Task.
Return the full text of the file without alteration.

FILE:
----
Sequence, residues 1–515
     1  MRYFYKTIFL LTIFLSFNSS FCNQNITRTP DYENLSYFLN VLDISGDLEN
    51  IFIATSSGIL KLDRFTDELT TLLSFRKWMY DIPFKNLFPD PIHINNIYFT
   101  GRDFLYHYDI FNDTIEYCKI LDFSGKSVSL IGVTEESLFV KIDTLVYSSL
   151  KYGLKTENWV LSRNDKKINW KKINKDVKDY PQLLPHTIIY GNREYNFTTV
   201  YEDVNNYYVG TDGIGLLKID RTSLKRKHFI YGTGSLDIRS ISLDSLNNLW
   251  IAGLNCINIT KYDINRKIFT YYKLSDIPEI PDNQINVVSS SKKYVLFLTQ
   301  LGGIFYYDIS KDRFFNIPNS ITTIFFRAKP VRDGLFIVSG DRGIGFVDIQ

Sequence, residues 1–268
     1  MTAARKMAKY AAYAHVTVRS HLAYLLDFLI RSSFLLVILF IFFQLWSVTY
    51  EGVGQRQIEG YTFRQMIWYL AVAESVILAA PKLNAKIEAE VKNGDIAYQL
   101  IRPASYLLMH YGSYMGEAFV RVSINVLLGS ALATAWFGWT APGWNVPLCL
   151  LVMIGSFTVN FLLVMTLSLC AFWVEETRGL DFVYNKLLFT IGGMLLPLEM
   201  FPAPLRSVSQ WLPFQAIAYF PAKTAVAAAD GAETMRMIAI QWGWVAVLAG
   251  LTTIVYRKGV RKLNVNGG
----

Sequence, residues 1–515
     1  MRYFYKTIFL LTIFLSFNSS FCNQNITRTP DYENLSYFLN VLDISGDLEN
    51  IFIATSSGIL KLDRFTDELT TLLSFRKWMY DIPFKNLFPD PIHINNIYFT
   101  GRDFLYHYDI FNDTIEYCKI LDFSGKSVSL IGVTEESLFV KIDTLVYSSL
   151  KYGLKTENWV LSRNDKKINW KKINKDVKDY PQLLPHTIIY GNREYNFTTV
   201  YEDVNNYYVG TDGIGLLKID RTSLKRKHFI YGTGSLDIRS ISLDSLNNLW
   251  IAGLNCINIT KYDINRKIFT YYKLSDIPEI PDNQINVVSS SKKYVLFLTQ
   301  LGGIFYYDIS KDRFFNIPNS ITTIFFRAKP VRDGLFIVSG DRGIGFVDIQ

Sequence, residues 1–268
     1  MTAARKMAKY AAYAHVTVRS HLAYLLDFLI RSSFLLVILF IFFQLWSVTY
    51  EGVGQRQIEG YTFRQMIWYL AVAESVILAA PKLNAKIEAE VKNGDIAYQL
   101  IRPASYLLMH YGSYMGEAFV RVSINVLLGS ALATAWFGWT APGWNVPLCL
   151  LVMIGSFTVN FLLVMTLSLC AFWVEETRGL DFVYNKLLFT IGGMLLPLEM
   201  FPAPLRSVSQ WLPFQAIAYF PAKTAVAAAD GAETMRMIAI QWGWVAVLAG
   251  LTTIVYRKGV RKLNVNGG